LONDON – The U.K. competition regulator will conduct a review of the music streaming business, looking at any possible competition concerns related to the major labels’ dominance of the industry, and how they may be leveraging that power at the expense of artists, independents and consumers.
The review follows a stinging report by a Parliament committee in July that recommended a “complete reset” of the streaming business, arguing it was unsustainable in its current form.
Andrea Coscelli, the chief executive of the Competition and Markets Authority (CMA), said Tuesday (Oct. 19) that the regulator’s first task is to undertake “detailed further work” to define the scope of the inquiry before a market study of the U.K. streaming business is formally launched, which she said would be done “as soon as practically possible.”
The Digital, Culture, Media and Sport (DCMS) Committee has raised concerns about how the dominance of Universal Music, Sony Music and Warner Music was “distorting the market” and that the benefits of the music streaming boom were not being passed on to musicians.
In the U.K., the three majors make up 75% of the recorded music market, with independents accounting for the remaining 25%, according to the Association of Independent Music (AIM). Streaming now accounts for four-fifths (80.6%) of all music consumption in the U.K., according to labels trade body BPI.
“The U.K. has a love affair with music and is home to many of the world’s most popular artists,” said Coscelli. “We want to do everything we can to ensure that this sector is competitive, thriving and works in the interests of music lovers.”
She said a market study will help the CMA understand the “radical” changes the music industry has undergone over the past decade and “build a view as to whether competition in this sector is working well or whether further action needs to be taken.”
Some U.K. music industry figures welcomed the decision to conduct a review. “The power of the major music groups is nothing new, but the willingness to question their size, practice and dominance is,” said Crispin Hunt, chair of The Ivors Academy, a London-based association of music writers. “The music market has evolved, but music’s economic models have not.”
The regulator’s action “marks a crucial step towards creating a fairer and more transparent UK music landscape,” said Naomi Pohl, deputy secretary general of the Musicians’ Union.
CMA market studies examine why particular markets may not be working well for consumers and can take up to 12 months to complete. They can result in a range of outcomes, including recommendations to the government to change regulations, or consumer or competition law enforcement action.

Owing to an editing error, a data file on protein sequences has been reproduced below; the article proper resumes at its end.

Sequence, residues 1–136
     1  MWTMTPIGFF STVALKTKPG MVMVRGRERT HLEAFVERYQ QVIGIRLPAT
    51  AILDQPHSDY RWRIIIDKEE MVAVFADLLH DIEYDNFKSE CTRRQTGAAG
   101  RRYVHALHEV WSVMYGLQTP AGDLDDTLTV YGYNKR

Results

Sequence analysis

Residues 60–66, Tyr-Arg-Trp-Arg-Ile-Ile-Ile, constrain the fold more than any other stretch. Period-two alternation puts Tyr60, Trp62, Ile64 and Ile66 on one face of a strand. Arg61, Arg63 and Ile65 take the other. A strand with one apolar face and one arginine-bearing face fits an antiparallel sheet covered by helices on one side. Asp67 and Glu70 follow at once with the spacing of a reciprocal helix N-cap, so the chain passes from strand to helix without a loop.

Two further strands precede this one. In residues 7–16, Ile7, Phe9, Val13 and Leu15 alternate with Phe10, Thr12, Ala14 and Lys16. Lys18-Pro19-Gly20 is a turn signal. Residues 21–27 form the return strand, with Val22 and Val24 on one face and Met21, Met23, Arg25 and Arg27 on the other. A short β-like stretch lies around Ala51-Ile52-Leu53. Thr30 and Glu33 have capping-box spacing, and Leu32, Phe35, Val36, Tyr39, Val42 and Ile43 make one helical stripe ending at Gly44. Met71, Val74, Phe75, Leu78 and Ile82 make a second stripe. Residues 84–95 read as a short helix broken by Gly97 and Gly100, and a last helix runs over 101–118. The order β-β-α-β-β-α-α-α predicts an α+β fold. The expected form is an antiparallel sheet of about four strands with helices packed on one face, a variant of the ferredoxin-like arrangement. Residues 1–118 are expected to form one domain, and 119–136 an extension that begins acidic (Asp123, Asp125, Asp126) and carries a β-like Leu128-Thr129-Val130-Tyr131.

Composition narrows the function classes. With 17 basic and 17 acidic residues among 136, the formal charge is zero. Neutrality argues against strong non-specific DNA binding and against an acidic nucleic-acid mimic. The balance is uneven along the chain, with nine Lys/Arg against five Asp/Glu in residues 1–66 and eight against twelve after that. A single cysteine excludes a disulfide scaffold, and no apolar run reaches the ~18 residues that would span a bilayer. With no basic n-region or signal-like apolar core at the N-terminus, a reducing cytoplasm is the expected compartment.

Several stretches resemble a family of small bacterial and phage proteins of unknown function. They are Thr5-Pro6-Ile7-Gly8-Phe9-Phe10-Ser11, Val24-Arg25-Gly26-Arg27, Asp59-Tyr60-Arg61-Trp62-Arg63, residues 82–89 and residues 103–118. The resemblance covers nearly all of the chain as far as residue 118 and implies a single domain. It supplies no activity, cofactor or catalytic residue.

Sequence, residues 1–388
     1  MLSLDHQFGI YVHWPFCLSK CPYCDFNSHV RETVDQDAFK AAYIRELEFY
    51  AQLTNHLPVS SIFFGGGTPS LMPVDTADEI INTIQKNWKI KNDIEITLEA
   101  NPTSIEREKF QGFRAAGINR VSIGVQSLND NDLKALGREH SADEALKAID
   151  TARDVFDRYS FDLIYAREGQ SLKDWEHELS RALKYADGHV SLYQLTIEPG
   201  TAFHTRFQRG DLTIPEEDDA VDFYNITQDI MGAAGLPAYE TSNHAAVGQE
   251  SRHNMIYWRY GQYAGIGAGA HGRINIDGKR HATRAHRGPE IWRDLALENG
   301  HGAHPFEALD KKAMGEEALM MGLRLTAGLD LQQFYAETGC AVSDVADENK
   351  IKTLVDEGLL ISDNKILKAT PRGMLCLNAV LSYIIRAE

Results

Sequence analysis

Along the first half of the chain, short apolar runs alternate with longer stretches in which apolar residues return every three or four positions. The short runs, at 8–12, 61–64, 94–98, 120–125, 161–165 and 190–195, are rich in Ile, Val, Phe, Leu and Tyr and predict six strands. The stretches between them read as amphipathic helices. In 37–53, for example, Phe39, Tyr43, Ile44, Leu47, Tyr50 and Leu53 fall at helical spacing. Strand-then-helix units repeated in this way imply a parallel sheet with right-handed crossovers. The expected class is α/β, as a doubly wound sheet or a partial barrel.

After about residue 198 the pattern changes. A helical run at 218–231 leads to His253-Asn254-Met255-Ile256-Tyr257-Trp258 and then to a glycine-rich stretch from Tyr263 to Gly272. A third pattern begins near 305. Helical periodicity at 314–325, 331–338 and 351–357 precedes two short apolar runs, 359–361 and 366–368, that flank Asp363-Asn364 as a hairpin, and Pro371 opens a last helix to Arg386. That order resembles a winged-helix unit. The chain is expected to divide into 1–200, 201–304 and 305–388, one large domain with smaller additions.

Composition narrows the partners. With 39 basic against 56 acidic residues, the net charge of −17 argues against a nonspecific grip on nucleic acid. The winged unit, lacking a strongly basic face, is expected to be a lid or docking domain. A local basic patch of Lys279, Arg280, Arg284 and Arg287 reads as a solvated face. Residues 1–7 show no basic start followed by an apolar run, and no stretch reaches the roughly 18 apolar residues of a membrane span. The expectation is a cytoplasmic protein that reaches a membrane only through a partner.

A market study could also lead the CMA to encourage businesses to self-regulate or to launch a full-market investigation lasting up to 18 months. The outcome label bosses will most want is to receive is a “clean bill of health,” which requires no further scrutiny.
A spokesperson for the British Phonographic Industry (BPI) said they welcomed the CMA’s study into music streaming and would engage with the regulator “to inform its work.”
Concerns around hyper-concentration of power by the majors and the dynamic between music and technology companies are some of the topics “that could well benefit from this CMA market study,” said Paul Pacifico, CEO of the Association of Independent Music (AIM).
The launch of a market study into the streaming sector is the latest in a series of probes that the CMA has launched into the music business. The committee exists independently from the British government and has the power to bring criminal proceedings or to force divestments in instances where businesses are abusing dominant positions.
In September, it opened an “in-depth” phase two investigation into Sony’s $430 million acquisition of Kobalt Music Group’s independent distribution and label division AWAL. The CMA also conducted an in-depth 20-month merger investigation into ticketing company Viagogo’s $4 billion acquisition of StubHub.
In that instance, the CMA found that the merger resulted in a “substantial lessening of competition” and ordered Viagogo to offload its StubHub business outside of North America. Viagogo sold the assets to Boston private equity firm Digital Fuel Capital last month for an undisclosed sum.
UPDATE: This article was updated on Oct 19 at 5:38 p.m. EST to include more responses from the U.K. music industry.